Geologic Carbon Sequestration


GEO-SEQ Project

DOE-FE-Office of Fossil Energy

The GEO-SEQ Project had two primary goals:

    • To develop ways to improve predictions of injectivity and capacity of saline formations and depleted gas reservoirs, and
    • To develop and test innovative high-resolution methods for monitoring CO2 in the subsurface.

The GEO-SEQ project leveraged scientific understanding and technology development from three highly visible ongoing world-class (Carbon Sequestration Leadership Forum (CSLF)-recognized) geologic CO2 storage projects through leadership and collaboration in the scientific and engineering objectives.

The GEO-SEQ Project had four primary subtasks:

    • Fundamental Process and Response Studies
      This task had grown out of previous work to support field-scale investigation at pilot projects (InSalah, Otway, and Frio). Our work over the last several years revealed that integrating field measurements with numerical reservoir modeling requires better understanding of certain key fundamental processes (petrophysics and geochemical transport) that comes from supporting laboratory measurements. Additionally, the integration of laboratory and field measurements needed improvement and support. Recognizing these needs, we focused a GEO-SEQ task in this critical area.
      The Fundamental Process and Response Studies included laboratory measurement of petrophysical response (e.g., seismic velocity as a function of partial CO2 saturation at in-situ conditions) and geochemical transport processes (e.g., measurement of Henry’s coefficients at in-situ conditions) to allow improved analysis of field studies such as seismic monitoring and tracer breakthrough analysis. We also planned to work on improving integration of reservoir models (TOUGH2) with field monitoring data and to apply support to development of key monitoring technologies (initially targeting the CASSM technique). This work leveraged LBNL activites in other programs which provided design validation and testing opportunities.
      GEO-SEQ also included application of the Certification Framework (CF) risk assessment approach to Regional Carbon Sequestration Partnership (RCSP) Phase III projects and others as opportunities arose.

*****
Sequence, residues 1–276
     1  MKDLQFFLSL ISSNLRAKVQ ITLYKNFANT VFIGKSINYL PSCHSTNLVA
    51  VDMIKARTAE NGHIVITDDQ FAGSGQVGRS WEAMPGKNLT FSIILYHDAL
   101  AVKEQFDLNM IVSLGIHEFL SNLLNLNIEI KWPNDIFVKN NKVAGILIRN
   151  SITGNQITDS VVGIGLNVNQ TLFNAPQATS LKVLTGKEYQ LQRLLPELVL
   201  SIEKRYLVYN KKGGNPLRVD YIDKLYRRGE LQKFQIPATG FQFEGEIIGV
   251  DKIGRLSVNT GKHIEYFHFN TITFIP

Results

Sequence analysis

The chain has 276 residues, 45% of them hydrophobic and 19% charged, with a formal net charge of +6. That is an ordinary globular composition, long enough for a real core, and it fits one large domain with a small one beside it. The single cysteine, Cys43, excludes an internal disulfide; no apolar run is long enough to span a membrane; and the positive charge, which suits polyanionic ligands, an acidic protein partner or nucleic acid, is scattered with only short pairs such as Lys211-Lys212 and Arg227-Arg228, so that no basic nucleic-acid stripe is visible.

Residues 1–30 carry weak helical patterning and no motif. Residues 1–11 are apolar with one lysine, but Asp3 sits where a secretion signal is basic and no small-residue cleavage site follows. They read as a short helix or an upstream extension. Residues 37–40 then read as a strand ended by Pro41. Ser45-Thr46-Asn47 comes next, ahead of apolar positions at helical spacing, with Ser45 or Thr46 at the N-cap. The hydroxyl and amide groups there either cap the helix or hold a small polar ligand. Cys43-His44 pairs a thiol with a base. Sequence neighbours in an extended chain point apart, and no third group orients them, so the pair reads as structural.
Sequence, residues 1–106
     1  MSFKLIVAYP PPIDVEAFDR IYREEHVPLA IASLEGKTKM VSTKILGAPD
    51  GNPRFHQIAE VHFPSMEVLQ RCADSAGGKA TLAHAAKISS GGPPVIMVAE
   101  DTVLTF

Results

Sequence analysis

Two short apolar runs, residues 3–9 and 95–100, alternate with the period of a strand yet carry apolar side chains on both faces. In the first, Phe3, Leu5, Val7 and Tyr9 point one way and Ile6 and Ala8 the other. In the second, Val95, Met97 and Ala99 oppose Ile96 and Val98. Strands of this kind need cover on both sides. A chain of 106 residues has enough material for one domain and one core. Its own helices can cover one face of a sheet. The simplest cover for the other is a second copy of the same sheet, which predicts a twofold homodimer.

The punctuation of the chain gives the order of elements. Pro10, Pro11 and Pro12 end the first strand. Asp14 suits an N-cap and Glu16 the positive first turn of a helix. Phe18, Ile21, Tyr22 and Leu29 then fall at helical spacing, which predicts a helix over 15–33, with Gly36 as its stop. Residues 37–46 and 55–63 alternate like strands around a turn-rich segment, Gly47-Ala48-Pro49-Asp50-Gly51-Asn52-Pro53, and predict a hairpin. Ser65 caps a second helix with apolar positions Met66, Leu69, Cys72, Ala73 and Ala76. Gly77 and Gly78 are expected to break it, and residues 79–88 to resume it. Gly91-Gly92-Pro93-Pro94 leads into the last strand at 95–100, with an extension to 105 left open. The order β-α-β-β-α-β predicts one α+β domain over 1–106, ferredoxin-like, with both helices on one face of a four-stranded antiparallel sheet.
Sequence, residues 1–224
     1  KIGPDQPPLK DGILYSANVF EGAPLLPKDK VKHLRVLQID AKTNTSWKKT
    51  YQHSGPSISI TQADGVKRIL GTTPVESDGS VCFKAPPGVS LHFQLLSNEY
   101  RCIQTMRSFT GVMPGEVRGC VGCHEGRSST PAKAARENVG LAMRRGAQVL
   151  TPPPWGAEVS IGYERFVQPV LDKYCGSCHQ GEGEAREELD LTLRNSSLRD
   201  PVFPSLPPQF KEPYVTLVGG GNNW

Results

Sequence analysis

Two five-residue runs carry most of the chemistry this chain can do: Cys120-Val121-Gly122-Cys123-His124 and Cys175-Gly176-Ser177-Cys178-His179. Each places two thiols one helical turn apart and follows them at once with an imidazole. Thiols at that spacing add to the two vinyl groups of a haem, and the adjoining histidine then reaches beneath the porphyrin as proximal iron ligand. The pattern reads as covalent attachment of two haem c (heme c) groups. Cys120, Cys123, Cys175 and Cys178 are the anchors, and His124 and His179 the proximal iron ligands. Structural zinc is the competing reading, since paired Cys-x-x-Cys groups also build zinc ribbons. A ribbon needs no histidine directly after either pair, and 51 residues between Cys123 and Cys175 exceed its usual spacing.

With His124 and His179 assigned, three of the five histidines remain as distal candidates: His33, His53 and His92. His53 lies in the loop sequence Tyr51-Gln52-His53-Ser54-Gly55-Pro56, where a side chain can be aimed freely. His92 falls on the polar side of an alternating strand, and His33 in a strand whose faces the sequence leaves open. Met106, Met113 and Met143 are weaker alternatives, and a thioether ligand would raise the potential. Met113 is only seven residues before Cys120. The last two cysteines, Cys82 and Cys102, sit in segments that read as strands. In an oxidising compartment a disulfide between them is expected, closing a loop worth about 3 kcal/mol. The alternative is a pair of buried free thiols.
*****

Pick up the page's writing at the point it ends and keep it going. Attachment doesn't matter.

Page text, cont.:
• Otway Project
      This task’s purpose was to deploy & evaluate MMV & simulation technologies at the Otway Basin Demonstration Site in Australia. The GEO-SEQ objective in participating in the Otway Project was to leverage the investment of Australia’s CO2CRC research program in a world-class field test of sequestration, first as a participant in the Otway Stage 1 depleted gas storage test and then in the Otway Stage 2 injection in a saline field.
    • In Salah Industrial-Scale CO2 Storage Project
      The GEO-SEQ objectives of the research related to the In Salah Industrial-Scale CO2 Storage Project were (1) to assess the effectiveness of CO2 storage in low-permeability formations using long-reach horizontal injection wells, and (2) to investigate monitoring techniques to evaluate the performance of a high pressure CO2-injection operation. The InSalah CO2 Joint Industry Partnership (JIP) begun a 3-year Phase 2 program. LBNL and the GEO-SEQ project were active participants in this new phase with the JIP and GEO-SEQ tasks cooperating and complementing JIP funded activities. LBNL was a cost-matching project with the JIP in which the JIP funded ~$1,100,000.00 over three years ($367,000.00 per year) to augment the GEO-SEQ InSalah tasks described below.
    • Use MMV techniques in this task was used to evaluate the injectivity and geomechanical response at the In Salah Gas Project in Algeria as well as the application of the Certification Framework (CF) for Risk Modeling. This task continued LBNLs work on application of the Certification Framework (CF) risk assessment approach to Regional Carbon Sequestration Partnership (RCSP) Phase III and other CO2 storage projects. In the CF, we used reservoir simulation, probabilities of intersection of the CO2 plume with conduits such as wells and faults, and modeled fluxes or concentrations into compartments as proxies for impact to calculate the leakage risk of CO2 (or brine). This task complemented our industry-funded research aimed at the development and expansion of the CF’s specialized models including those to consider economics and storage optimization.

Within these tasks, GEO-SEQ had led the development of downhole fluid and gas sampling by U-tube, downhole Continuous Active Source Seismic Monitoring (CASSM), and reservoir simulation capabilities including reactive geochemistry, multicomponent gas mixtures, and geomechanical coupling.

The GEO-SEQ project was eventually rolled up into LBNLs Consolidated Sequestration Research Project (CSRP).